WASHINGTON - The top aide to former U.S. Rep. Curt Weldon was named yesterday in court documents accusing him of falsifying congressional financial disclosure reports to cover up $19,000 in income his wife made for doing limited work at a consulting firm tied to the former lawmaker's family.
Russell James Caso Jr., who served as chief of staff to the Delaware County Republican, also argued in meetings with high-level Bush administration officials that the projects his wife was working on should get federal funding, according to the documents filed in U.S. District Court in Washington.
"Caso's wife performed little work" for $17,500 that she received from the firm, which sought to help U.S. companies wanting to do business in Russia, the documents allege. Such a goal had been a pet legislative project for Weldon, a senior member of the House Armed Services and Homeland Security Committees.
That money came on top of $1,500 that Caso's wife earned for editing documents that sought federal funding for reducing the spread of chemical and biological weapons from Russia to hostile nations, and developing cooperative plans related to joint missile defense programs.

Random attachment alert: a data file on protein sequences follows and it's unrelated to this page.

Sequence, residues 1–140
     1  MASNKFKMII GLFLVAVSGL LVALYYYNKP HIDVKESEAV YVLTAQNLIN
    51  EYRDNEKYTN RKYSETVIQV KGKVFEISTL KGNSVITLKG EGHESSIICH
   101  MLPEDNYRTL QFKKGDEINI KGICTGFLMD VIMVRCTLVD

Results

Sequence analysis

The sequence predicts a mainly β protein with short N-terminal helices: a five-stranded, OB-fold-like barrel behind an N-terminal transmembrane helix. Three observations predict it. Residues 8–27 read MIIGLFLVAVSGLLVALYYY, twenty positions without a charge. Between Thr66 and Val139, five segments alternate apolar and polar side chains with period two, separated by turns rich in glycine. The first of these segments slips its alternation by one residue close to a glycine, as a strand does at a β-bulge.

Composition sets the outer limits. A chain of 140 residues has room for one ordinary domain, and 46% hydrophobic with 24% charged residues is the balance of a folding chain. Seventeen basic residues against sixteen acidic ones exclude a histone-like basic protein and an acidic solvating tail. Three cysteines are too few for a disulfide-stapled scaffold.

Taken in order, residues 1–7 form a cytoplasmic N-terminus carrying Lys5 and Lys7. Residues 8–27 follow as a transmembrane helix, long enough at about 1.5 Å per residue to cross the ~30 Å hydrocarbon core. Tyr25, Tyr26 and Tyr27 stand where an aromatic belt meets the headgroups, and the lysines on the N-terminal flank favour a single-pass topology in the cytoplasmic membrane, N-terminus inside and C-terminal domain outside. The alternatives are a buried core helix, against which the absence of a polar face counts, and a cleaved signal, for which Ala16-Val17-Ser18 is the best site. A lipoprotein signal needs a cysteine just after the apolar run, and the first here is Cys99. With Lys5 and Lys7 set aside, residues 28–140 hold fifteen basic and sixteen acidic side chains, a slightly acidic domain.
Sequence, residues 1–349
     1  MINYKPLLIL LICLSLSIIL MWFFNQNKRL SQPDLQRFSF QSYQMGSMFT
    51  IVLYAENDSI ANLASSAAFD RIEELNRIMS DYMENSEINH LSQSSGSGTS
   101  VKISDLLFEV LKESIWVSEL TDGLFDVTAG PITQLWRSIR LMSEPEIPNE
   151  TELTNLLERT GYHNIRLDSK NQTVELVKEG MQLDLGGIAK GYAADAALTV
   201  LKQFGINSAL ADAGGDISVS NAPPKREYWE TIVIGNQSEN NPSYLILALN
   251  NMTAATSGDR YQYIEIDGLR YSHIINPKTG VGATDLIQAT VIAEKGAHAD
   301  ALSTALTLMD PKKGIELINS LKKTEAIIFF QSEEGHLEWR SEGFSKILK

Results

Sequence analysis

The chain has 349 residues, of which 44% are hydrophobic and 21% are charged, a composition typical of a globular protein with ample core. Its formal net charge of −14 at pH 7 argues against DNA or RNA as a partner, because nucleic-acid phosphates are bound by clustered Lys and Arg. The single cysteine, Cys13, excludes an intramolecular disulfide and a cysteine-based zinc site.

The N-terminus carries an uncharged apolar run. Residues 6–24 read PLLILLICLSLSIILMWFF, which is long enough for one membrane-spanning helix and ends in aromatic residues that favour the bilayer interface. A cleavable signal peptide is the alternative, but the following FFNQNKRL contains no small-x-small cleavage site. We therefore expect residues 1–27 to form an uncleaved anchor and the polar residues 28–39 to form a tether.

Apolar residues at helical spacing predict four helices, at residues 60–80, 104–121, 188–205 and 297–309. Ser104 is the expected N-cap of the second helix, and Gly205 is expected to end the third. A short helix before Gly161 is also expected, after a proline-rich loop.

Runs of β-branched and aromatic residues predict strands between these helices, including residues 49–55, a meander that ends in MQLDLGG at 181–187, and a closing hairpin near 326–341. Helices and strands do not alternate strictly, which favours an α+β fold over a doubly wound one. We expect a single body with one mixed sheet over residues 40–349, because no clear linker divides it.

The court records are known as "charging documents" and are normally filed as part of a plea agreement. Neither Weldon nor his family's firm is named in the court document. But Caso was Weldon's staff chief in 2005 and 2006.
Caso's attorney, Kelly B. Kramer of the Nixon Peabody law firm in Washington, did not immediately respond to a message seeking comment.
A court hearing before U.S. District Judge Henry H. Kennedy Jr. has not yet been scheduled for Caso's case, which comes amid a still-pending federal inquiry involving Weldon and his daughter's consulting firm.
Weldon's defense attorney, William Winning, did not immediately return a call for comment yesterday. Karen Weldon's attorney, Jim Rohn, declined to comment on whether her lobbying firm was still in business.
Three weeks before Election Day last year, the FBI raided the homes of Karen Weldon and Charles P. Sexton Jr., owners of Solutions North America, as part of a corruption probe into whether the congressman improperly steered $1 million in foreign contracts to the firm.
The congressman's home and his offices were not searched, and Weldon has denied any wrongdoing. He lost his bid for an 11th House term.
Caso's wife earned the $19,000 during a four-month period between April and August 2005, the court documents show.
In his annual financial disclosure report for 2005, Caso omitted any mention of his wife's earnings from Solutions North America. Prosecutors said Caso "intentionally failed to disclose that his wife received payments."